Self-directed Project (First Version) – Postcards from the fair

Andy Grundberg – The Crisis of the real
collected in Liz Wells (2003): The Photography Reader: London:Routledge

Williams, V. and Bright, S. (2007) How We are: Photographing Britain. (01 edition) (s.l.): Tate Publishing.

My work for this project has evolved from my original proposal. My original intention was to explore the ways in which a travelling fair will transform a place from the usual day-to-day environment into something very different. While preparing the fourteen photographs I have selected for this work, I have been reading around the subject of post-modernism and the way it relates to photography. Andy Grundberg describes how critics involved in this discussion say that “post-modernist art therefore must debunk or ‘deconstruct’ the ‘myths’ of the autonomous individual” (Wells,2003:246). Although he then goes on to explore the idea that post-modern art cannot be seen as a complete break with modernist traditions, I am intrigued by the idea of adding distance to my images, to present them in a way that obscures any authorial stance. I don’t want to do this to suggest in any way that I do not stand by my work, but rather to try and present them as a more generalised world view.

In my first attempt at A2 I played with the idea of repurposing older photographs of my own to invest a new meaning into them. Although this experiment didn’t really work (and I have abandoned this approach for my final A2 work), I believe this approach is still valid. In an earlier post ( I write about a photograph “Morris Dancers” by Martin Parr (Williams and Bright,2007:147) that explores a similar territory to my own aim with this project. The course handbook notes how landscape art has been used to explore the idea of “Britishness”. Although travelling fairs are not exclusively a British concept, in many cases they are only an extension of events that have been part of British culture and history for centuries.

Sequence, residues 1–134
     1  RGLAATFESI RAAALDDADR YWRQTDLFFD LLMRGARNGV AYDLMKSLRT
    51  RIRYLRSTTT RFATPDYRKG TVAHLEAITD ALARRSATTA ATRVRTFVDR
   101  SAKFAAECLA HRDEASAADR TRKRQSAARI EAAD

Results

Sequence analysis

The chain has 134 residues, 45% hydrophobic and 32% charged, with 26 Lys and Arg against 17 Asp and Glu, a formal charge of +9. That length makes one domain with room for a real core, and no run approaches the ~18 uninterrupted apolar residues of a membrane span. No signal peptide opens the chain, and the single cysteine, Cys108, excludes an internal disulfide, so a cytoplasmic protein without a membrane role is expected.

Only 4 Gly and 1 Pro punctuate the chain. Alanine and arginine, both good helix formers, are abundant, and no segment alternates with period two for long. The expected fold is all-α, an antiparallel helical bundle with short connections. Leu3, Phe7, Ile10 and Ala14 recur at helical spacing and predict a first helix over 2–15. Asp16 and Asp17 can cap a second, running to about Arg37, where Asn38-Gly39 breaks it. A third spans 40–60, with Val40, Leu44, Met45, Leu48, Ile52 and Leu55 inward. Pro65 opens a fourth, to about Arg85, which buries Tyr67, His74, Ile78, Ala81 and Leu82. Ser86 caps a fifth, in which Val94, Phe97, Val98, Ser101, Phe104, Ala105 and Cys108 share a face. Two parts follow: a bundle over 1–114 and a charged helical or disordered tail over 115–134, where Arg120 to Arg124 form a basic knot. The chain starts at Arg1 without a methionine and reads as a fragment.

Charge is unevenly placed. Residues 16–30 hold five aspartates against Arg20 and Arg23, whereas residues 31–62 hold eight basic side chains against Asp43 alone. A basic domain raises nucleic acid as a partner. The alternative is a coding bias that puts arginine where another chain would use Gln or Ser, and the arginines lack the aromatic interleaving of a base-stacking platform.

I subsequently wrote about Martin Parr’s “Boring Postcards” photobook (, which although not of his own photographs, did suggest an approach. I have had the fourteen images made into individual postcards and sent them each to a friend with a request to add some words suggested by the visit of a fair, and then return the card to me. My intention here is to explore the post-modernist approach and add further distance between myself as artist and the completed work.

The effect of transferring these images to postcard alters the colour and brightness and gives them a more mass-produced quality than photo-printing. I included a stamp and self-addressed each card as I wanted the cards to be returned by post. It would not be enough for the cards to be returned by hand; I wanted them to gather the additional effects that the postal system will provide. I wanted to include any postmarks, or slight dents caused by excessive handling, even creases if they have to be forced in any way.

Those who responded range in age from under 10 to over 60, and the words chosen vary from careful thoughts to purely humorous. Thirteen of the fourteen cards have been returned; although I expect the last to eventually be returned I am conscious of the time taken to finish this work and did not want to wait any longer. Since the postcards themselves will form my finished project here, I have decided to present them as a small book with each postcard shown front and back on opposite pages, along with some accompanying contextual writing. Although the book itself will form my completed work, I have included the images and text here.

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